In this March 15, 2018 image, sandhill cranes dance near Gibbon, Neb. Huge numbers of sandhill cranes stop in the Platte River basin for rest and food before resuming their migration north. (AP Photo/Nati Harnik)
It’s been a little more than a century since sandhill cranes were able to be hunted in Alabama. That will soon change.
It was announced Friday that sandhill cranes will be opened for the upcoming hunting season in December, making it the first species to be opened for hunting in the state since the alligator in 2006.
It will also be the first time the species of large birds has been opened to hunting in Alabama since 1916.
The question at hand for many residents is “why now?” What would possess Alabama to lift this 103-year ban? Additionally, how good would this bird taste at your next barbecue?
According to the National Audubon Society, the sandhill crane is scattered around North America, most notably in the Great Plains and the Southeast.
Despite being common in the wilderness, habitat and wetland loss caused the cranes to become endangered. This is a key reason why they have not been allowed to be hunted in the state since 1916.
However, after years of dwindling numbers, the sandhill crane population has been able to make a leap in population and once again become fair game.
“This sandhill crane season came about through the feedback of hunters,” said Seth Maddox, Migratory Game Bird Coordinator for the Alabama Wildlife and Freshwater Fisheries.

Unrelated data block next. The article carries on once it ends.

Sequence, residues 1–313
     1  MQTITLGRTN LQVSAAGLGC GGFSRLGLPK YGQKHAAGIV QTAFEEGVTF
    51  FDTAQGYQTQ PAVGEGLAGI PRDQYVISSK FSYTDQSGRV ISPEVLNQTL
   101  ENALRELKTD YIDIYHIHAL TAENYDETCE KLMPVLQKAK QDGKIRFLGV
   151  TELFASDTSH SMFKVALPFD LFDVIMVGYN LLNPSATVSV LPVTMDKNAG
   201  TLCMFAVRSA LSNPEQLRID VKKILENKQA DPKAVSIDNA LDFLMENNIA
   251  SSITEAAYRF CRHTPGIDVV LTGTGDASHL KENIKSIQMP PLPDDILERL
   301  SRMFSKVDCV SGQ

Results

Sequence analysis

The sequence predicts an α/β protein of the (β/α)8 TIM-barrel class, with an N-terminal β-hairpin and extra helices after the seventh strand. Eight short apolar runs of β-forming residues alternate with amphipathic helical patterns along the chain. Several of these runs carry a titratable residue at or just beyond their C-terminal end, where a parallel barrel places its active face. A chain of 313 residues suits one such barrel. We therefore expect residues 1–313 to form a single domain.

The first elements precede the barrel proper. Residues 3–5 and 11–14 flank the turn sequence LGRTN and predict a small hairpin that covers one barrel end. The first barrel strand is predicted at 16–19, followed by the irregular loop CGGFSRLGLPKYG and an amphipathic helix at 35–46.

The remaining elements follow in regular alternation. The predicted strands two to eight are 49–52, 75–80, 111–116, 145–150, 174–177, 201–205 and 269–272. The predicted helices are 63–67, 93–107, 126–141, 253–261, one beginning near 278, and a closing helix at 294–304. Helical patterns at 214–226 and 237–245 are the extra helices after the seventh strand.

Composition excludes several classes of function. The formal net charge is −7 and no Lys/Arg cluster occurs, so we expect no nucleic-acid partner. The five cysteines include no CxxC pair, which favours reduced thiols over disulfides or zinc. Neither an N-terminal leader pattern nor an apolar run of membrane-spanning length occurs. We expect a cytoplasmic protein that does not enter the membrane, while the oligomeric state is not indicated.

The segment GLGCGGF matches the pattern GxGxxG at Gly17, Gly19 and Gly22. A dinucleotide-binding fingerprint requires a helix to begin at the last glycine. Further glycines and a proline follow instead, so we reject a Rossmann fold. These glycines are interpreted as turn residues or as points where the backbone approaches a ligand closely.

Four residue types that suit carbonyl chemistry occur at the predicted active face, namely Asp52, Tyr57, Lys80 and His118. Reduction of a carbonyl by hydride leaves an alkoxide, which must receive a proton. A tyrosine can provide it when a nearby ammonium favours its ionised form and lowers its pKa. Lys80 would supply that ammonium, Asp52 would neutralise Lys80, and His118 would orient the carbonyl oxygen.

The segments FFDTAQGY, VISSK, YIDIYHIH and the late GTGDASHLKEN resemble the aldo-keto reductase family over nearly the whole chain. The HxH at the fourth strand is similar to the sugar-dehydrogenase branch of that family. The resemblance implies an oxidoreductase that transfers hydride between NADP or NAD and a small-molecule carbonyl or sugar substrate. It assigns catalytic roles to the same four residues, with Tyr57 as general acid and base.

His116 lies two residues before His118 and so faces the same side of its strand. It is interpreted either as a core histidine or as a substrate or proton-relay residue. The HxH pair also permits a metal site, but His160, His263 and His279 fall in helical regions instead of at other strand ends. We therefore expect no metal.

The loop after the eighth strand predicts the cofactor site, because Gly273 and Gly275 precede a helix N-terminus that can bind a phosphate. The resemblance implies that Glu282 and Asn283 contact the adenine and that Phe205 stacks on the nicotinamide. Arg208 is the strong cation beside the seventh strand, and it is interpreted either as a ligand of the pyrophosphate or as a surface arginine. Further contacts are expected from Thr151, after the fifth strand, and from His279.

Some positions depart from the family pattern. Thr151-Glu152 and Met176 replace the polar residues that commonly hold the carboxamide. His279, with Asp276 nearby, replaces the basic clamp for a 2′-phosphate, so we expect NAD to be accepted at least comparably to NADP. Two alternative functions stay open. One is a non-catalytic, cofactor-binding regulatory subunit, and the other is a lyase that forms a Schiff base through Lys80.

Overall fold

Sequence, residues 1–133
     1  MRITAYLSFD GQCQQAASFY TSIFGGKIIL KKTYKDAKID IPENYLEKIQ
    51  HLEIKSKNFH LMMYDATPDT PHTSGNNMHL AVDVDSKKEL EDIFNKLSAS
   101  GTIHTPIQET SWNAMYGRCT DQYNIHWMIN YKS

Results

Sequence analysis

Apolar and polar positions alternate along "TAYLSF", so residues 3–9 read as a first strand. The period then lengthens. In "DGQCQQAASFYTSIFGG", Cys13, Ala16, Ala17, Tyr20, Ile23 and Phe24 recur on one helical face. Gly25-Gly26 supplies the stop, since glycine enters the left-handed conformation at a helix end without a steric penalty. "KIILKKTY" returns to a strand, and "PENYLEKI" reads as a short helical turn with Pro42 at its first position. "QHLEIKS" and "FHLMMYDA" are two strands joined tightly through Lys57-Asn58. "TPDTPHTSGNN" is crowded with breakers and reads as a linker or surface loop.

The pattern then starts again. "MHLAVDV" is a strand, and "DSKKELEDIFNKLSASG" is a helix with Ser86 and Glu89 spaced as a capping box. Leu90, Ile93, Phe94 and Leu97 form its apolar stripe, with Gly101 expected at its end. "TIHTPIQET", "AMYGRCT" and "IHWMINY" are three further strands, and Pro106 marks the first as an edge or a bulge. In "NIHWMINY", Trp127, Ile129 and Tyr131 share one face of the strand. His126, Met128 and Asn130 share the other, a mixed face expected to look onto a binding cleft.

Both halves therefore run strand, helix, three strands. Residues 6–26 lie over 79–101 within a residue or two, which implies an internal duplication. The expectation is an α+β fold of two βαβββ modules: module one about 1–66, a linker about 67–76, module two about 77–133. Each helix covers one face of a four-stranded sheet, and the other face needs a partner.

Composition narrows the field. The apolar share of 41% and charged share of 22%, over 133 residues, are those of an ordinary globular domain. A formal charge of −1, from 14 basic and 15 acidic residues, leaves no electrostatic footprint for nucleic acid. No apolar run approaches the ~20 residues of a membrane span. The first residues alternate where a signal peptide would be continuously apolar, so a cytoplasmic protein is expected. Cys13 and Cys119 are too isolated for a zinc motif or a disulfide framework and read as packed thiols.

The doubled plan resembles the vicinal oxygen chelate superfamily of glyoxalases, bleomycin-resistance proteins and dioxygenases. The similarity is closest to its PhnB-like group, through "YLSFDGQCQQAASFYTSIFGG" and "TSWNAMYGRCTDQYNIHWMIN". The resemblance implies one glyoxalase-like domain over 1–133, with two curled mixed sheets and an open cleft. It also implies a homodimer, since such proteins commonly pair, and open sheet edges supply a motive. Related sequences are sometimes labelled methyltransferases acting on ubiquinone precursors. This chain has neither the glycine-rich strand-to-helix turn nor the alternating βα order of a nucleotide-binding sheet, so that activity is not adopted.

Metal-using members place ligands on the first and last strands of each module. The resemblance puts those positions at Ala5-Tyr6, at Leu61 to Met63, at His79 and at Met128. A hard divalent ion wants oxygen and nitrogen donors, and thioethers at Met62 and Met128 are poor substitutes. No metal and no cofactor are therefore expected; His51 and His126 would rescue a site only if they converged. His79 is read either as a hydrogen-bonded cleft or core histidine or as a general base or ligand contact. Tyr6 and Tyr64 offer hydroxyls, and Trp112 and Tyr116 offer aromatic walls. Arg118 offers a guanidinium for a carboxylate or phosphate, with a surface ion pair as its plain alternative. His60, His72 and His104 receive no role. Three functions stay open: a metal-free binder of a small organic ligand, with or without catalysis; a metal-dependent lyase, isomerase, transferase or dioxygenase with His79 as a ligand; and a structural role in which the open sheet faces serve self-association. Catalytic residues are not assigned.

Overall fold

“They started seeing increased numbers of sandhills while they were out hunting other species, especially waterfowl. Hunters wanted the opportunity to hunt this species in Alabama. They’d heard about the seasons in Kentucky and Tennessee from their friends. Hunters have paved the way for the species recovery of sandhill crane. We want to provide hunting opportunities when they are available,” Maddox added.
Many hunters are looking forward to the opportunity to turn a sandhill crane into a nice meal. Sandhill cranes are notable for tasting like pork chops or beef tips.
“They call them the ribeye of the sky,” says Logan Hammer, a hunter from Albertville who hopes to get a permit to hunt the birds.
“I would definitely cook it on the grill. Grilling would definitely get you the best flavors out of a bird like that because they actually have red meat rather than white meat.”
The Alabama Department of Conservation and Natural Resources will conduct a computer-controlled drawing to award 400 permits to hunt sandhill cranes. Registration will be held in September and those chosen in a drawing to receive a permit will be notified in October.
In order to register, you must be an Alabama resident 16 or older or an Alabama lifetime license holder. Those who are given a permit to hunt the species will only be able to catch three per permit.
Alabama becomes the third state in the Southeast since 2011 to allow the hunting of Sandhill Cranes along with Kentucky and Tennessee.